Philadelphia Eagles Draft Possibilities

2 of 3

Apr 25, 2013; New York, NY, USA;

Lane Johnson

(Oklahoma) is introduced by NFL commissioner Roger Goodell as the number four overall pick to the Philadelphia Eagles during the 2013 NFL Draft at Radio City Music Hall. Mandatory Credit: Jerry Lai-USA TODAY Sports

Philadelphia Eagles Draft Recap

The past two years have been hugely challenging.   2013 was a rebuild of nearly the entire roster – whether merely the role of the player or in new faces- and ended up focusing on the offensive side of the ball.   2014 was projected to focus on the defense, but an off-season loss of wide receiver DeSean Jackson and the wide receiver depth in the 2014 NFL draft pulled the Philadelphia Eagles back to the offensive side of the ball.

In 2013, the Philadelphia Eagles selected offensive tackle Lane Johnson, tight end Zach Ertz, and nose tackle Bennie Logan in the first two days of the NFL draft.  In 2014, the Phildelphia Eagles selected linebacker Marcus Smith II, wide receiver Jordan Matthew and wide receiver Josh Huff.  In two years, the Eagles have been two to one in offense to defense.  The Eagles perspective judge the draft with total players selected, and Chip Kelly highlighted that fact in his discussion of the 2014 NFL draft.

"“In our minds, I think there were more defensive players in it than offensive players. That’s just how we saw it here in Philly. I don’t know how anybody else saw it, but that’s how we saw it. I think we’ve got a pretty good clean process in terms of how it works. I think it’s well thought out. It’s very structured in terms of when we have to have X done, when we have to have Y done, how we continue to move in the right direction, and then so that when you get to the draft itself, and for some reason because they moved it, it seemed like the draft was forever just in terms of getting ready for it, but when it comes, then it’s really a pretty orderly fashion.” – Chip Kelly"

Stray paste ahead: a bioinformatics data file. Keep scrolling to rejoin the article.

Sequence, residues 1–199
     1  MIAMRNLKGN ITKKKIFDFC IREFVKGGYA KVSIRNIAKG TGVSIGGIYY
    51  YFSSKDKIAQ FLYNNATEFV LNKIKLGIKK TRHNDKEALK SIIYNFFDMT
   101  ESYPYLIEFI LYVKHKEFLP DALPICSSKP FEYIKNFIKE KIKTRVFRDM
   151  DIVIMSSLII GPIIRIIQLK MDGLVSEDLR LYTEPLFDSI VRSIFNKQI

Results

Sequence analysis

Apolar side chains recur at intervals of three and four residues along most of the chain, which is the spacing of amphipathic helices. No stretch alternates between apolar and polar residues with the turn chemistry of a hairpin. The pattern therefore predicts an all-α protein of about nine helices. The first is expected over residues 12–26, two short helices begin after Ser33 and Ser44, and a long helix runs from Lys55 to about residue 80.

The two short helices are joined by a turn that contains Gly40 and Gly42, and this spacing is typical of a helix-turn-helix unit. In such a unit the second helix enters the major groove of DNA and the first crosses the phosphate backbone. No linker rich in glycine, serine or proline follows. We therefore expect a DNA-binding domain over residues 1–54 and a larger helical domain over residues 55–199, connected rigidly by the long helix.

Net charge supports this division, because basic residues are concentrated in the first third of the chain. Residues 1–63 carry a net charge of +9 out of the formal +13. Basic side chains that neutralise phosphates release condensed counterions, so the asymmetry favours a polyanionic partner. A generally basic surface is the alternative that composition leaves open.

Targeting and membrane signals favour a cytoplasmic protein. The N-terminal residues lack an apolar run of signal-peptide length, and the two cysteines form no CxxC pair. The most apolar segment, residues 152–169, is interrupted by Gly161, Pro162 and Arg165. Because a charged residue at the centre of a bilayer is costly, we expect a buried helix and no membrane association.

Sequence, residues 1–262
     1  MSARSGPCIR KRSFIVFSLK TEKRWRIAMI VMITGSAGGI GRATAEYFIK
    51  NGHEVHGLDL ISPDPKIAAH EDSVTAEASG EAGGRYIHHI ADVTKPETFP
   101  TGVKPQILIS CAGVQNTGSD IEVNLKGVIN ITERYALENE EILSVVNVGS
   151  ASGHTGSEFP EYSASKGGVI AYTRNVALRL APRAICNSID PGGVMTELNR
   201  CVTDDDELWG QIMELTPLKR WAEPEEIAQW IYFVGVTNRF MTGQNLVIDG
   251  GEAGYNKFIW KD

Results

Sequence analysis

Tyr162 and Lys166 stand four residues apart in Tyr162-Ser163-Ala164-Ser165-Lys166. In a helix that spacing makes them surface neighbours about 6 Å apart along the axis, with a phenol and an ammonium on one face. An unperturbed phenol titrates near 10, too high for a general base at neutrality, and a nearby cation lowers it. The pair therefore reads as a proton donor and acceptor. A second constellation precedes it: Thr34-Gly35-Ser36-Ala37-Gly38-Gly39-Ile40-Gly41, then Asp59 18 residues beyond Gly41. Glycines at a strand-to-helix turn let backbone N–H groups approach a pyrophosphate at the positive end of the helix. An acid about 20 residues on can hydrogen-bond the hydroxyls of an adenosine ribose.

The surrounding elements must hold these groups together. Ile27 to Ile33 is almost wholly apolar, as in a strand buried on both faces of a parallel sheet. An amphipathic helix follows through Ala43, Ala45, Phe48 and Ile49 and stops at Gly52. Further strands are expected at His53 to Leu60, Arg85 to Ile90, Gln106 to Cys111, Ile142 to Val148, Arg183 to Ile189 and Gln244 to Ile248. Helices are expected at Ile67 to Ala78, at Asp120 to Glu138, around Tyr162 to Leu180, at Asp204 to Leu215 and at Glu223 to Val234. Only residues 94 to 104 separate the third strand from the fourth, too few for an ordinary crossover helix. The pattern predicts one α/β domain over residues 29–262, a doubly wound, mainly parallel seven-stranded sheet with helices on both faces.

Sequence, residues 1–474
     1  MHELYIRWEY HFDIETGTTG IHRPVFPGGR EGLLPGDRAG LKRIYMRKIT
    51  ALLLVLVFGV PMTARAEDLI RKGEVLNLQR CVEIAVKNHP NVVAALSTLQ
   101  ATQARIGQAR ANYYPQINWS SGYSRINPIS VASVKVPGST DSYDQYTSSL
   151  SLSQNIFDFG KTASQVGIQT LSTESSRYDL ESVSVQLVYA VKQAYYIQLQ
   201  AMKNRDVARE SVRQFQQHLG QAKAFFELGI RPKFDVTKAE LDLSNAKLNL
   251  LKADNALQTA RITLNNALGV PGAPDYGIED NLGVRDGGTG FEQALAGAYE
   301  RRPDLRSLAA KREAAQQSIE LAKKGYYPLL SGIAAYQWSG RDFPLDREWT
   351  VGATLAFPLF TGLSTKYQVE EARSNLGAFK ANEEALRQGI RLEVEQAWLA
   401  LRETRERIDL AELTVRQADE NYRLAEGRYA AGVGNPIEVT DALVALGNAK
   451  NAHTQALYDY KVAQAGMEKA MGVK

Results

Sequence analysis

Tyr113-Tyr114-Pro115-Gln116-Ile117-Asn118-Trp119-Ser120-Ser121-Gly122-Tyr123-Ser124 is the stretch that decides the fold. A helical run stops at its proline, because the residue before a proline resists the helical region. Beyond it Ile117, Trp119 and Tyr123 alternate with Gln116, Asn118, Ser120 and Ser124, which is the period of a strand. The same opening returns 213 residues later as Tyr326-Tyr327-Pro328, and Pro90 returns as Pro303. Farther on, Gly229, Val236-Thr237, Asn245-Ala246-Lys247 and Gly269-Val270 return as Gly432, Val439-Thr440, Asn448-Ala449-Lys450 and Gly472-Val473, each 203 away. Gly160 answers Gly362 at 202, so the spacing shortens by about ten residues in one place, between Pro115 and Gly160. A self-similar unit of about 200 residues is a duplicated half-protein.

In the past two drafts, it has been the offense which has been the focus in the first three rounds.  But when the team took the field in each of the past two seasons, the Philadelphia Eagles defense was simply outclassed by other team’s passing offense.  And in spite of whatever signings occur in free agency, championship teams are built from within, through the draft, by players who come up through the ranks and eventually earn their starting role.  Free Agency fills roster holes.  NFL Drafts build championships.

Looking at the current team roster, the team is solid in terms of core players.   There is a healthy mix of youth and veterans on the team – with two exceptions:   defensive backs and offensive line.   In defensive backs, the team simply does not have enough depth to give full competition for the starting role.   In the offensive line, the team has amassed a bevy of “good enough” talent to patch the numerous holes in the offensive line, but there is no true “heir apparent” for the mix of Peters, Mathis, Kelce, Herremans, Johnson.  While center Kelce and tackle Johnson are young, the remainder have crossed the 30 year old barrier – which means the team must consider the risk of a deterioration of their talents in 2015 and beyond.

But place the offensive line needs to the back burner for now.   Depth and youth are better addressed at a later article.  For now, the team has to come to grips with their defensive shortcomings, and take a practical approach to shoring up those shortcomings.  But how?